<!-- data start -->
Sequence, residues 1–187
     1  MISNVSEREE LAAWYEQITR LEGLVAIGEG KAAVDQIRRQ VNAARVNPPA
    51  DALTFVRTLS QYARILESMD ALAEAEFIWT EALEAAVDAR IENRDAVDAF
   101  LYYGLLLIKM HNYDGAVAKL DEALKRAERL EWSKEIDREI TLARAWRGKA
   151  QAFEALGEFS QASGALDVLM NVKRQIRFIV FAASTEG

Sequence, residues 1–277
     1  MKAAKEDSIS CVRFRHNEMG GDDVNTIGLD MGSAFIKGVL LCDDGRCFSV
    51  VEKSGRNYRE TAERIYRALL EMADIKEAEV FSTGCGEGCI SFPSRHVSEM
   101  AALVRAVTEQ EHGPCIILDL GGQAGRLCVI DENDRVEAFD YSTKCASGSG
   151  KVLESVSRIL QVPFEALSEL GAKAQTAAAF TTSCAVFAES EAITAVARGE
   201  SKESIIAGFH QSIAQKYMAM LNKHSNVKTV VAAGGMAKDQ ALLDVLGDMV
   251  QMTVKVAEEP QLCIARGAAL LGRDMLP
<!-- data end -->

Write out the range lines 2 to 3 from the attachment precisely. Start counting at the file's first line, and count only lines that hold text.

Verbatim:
     1  MISNVSEREE LAAWYEQITR LEGLVAIGEG KAAVDQIRRQ VNAARVNPPA
    51  DALTFVRTLS QYARILESMD ALAEAEFIWT EALEAAVDAR IENRDAVDAF